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PARIS, Jan 30, 2016:

A woman jailed for 10 years for killing her abusive husband after decades of marital hell has become a cause celebre in France, where appeals are growing louder for her to be pardoned.

French politicians and feminists have rallied behind Jacqueline Sauvage, 68, whose case has cast a spotlight on the tricky and controversial legal argument known as “battered woman syndrome”.

The campaign prompted French President Francois Hollande to meet her daughters and lawyers on Friday, after which an aide said he needed “time for reflection” before deciding whether to grant a rare presidential pardon in the case.

Sauvage was married for 47 years to Norbert Marot, a violent alcoholic who she said raped and beat her and her three daughters and also abused her son.

On Sept 10, 2012, the day after her son hanged himself, Sauvage shot her husband three times in the back with a rifle.

She was found guilty of murder and sentenced to 10 years in prison in October 2014, which was upheld on appeal in December 2015 as the state rejected her plea of self-defence.

“She should have responded to her husband’s violence with a proportional act,” said the public prosecutor at the time. “Three shots fired in the back is not acceptable.”

Sauvage’s lawyer Nathalie Tomasini appealed to the court to “push the limits of self-defence applied to situations of marital violence.”

In French law for an act to be considered self-defence it must be seen as proportional and in direct response to an act of aggression.

Killing in response to repeated acts of violence suffered over decades, as in Sauvage’s case, does not meet this test.

The judge at the original hearing extensively questioned Sauvage’s passivity faced with the violence and incest carried out by her husband.

“We were afraid of him, he terrified us,” one of her daughters told the court.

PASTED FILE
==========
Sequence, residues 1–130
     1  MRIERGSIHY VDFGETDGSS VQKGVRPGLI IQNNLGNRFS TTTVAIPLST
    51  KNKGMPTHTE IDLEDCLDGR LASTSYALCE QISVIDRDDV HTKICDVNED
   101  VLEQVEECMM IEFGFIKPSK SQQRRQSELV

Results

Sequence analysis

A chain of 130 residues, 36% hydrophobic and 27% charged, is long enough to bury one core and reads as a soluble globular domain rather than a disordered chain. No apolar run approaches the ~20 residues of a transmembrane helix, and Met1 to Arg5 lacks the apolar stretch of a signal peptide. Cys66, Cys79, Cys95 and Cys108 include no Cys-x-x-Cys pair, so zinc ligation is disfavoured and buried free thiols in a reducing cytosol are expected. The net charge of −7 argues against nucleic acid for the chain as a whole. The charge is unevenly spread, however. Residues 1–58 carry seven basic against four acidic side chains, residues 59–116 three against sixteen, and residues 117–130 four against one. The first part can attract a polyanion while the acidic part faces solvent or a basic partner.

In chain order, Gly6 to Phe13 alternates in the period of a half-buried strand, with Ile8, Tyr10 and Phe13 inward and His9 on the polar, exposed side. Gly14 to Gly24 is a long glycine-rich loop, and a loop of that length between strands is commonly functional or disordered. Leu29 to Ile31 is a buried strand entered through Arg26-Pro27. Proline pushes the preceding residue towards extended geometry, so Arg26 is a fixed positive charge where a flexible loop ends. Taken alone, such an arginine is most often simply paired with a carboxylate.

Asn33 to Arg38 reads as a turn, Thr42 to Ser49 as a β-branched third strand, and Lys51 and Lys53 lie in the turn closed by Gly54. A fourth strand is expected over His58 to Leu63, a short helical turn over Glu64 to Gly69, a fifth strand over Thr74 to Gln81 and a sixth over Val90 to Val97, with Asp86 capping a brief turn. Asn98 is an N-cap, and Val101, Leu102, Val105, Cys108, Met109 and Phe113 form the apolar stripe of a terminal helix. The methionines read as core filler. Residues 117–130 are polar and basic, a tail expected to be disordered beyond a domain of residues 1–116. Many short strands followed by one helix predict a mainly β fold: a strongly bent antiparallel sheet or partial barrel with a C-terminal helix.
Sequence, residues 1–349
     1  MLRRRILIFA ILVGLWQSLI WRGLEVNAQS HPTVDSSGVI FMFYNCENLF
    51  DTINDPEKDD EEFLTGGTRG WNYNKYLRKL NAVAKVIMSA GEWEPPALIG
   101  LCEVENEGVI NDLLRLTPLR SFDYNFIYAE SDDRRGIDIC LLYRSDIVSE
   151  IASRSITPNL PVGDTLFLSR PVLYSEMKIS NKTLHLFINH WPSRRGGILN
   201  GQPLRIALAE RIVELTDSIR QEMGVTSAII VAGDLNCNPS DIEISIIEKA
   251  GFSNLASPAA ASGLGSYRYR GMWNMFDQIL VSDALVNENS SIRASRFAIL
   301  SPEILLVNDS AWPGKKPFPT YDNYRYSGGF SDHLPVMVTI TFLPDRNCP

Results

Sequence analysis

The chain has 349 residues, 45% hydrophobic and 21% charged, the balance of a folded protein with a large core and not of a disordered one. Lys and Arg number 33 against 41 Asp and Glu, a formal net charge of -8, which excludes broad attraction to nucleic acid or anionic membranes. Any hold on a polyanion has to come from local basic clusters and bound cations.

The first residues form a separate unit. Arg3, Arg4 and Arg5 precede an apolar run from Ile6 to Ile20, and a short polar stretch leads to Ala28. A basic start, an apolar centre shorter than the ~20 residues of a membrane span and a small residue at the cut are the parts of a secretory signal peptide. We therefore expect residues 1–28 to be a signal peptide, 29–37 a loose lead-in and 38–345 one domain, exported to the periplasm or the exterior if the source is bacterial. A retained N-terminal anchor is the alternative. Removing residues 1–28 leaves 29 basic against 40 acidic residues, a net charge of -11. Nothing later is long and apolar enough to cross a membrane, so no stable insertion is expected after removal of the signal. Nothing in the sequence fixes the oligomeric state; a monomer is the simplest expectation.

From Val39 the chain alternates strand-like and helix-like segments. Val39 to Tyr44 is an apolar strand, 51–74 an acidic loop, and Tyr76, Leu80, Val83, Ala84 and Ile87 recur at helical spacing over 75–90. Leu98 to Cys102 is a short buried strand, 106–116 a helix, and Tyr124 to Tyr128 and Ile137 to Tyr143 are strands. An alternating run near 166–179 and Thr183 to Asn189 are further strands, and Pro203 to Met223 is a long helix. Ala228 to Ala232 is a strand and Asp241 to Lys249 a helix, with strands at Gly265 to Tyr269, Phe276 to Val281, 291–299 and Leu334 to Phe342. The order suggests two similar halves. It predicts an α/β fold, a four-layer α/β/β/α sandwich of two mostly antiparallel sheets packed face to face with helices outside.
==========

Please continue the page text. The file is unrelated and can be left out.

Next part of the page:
Another of her daughters, raped at the age of 16, described her father’s death as a “relief”.

After the case was lost, the group Osez le Feminisme (Dare To Be Feminist) called for the definition of self-defence to be expanded in cases of “female victims of violence”.

The case has seized the public imagination, with an online petition gathering more than 400,000 signatures while women politicians have visited Sauvage in prison and lawmakers have written to Hollande urging her release.

Seven members of female activist group Femen — known for appearing topless —- protested outside her prison in Saran in north-central France last week.

One of Sauvage’s lawyers told AFP the meeting with Hollande gave them “hope that this is the first step towards a presidential pardon”.

However during his 2012 presidential campaign Hollande distanced himself from such pardons, describing them as belonging to “a different concept of power”.

He has used the power only once, when he freed convicted bank robber Philippe El Shennawy — who had spent 38 years behind bars — in 2014.

The question of whether a woman who kills her husband after suffering years of abuse should be considered to have acted in self-defence has long perplexed courts all over the world.

Experts coined the phrase “battered woman syndrome” in the 1970s to explain the psychological state of a woman subjected to such repeated violence.

This was seen as crucial as women — like Sauvage — would face repeated questions from judges and juries over why they failed to leave or report their husbands.

The “battered woman” defence has seen women acquitted in some cases, but it has remained hotly contested.

Some scholars and feminists have argued that battered woman syndrome testimony merely portrays women as irrational, incapable of self-control and incapable of finding a legal solution to their abuse.

In France, a woman abused for 12 years by her husband, was acquitted in 2012 after stabbing him in the throat when he tried to strangle her.

Because she had responded to a direct aggression, the woman, named Alexandra Lange, was able to prove self-defence.

She has called for Sauvage to be pardoned, telling France Bleu Nord radio the courts “didn’t recognise Jacqueline as a victim, but as a criminal.”

“She was only retaliating against 47 years of attacks. What would they have preferred? That she become one of the 118 women who die each at the hands of their violent husbands?” Lange said.

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